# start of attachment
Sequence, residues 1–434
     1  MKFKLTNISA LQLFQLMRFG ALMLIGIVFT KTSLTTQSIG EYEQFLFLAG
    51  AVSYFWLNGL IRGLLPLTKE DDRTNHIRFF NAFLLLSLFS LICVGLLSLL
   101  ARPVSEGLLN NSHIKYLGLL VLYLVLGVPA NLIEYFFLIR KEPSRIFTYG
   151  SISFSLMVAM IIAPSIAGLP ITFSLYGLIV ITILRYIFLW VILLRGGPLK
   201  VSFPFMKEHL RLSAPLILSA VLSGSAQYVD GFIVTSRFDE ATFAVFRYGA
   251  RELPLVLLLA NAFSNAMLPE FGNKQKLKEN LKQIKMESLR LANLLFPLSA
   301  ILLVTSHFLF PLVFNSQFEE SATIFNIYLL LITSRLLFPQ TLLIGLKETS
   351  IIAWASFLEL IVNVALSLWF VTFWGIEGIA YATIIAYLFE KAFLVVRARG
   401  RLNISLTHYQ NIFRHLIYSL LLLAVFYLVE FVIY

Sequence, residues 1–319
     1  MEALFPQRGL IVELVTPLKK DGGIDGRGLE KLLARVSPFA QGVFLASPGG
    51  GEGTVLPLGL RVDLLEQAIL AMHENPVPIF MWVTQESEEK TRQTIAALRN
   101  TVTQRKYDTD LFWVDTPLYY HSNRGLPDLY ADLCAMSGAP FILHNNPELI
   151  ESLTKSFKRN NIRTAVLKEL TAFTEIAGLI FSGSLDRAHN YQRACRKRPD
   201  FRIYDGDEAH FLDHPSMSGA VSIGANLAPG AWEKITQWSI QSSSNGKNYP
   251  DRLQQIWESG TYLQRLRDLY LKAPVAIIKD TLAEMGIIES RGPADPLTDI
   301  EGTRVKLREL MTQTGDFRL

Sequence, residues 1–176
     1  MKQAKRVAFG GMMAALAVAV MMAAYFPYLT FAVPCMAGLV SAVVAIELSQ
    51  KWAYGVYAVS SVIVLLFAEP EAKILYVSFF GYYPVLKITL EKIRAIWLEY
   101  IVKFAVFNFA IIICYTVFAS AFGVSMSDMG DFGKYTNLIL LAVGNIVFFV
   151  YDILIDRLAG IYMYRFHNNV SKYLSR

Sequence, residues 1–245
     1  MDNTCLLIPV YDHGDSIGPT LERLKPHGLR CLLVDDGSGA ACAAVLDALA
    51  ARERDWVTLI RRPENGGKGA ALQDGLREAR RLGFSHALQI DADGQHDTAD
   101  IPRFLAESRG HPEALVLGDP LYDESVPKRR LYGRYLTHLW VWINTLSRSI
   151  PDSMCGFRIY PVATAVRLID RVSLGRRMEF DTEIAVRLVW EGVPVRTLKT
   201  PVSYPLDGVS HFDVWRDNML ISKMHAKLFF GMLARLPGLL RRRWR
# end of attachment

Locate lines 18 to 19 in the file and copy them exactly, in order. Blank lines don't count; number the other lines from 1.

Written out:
   301  EGTRVKLREL MTQTGDFRL

Sequence, residues 1–176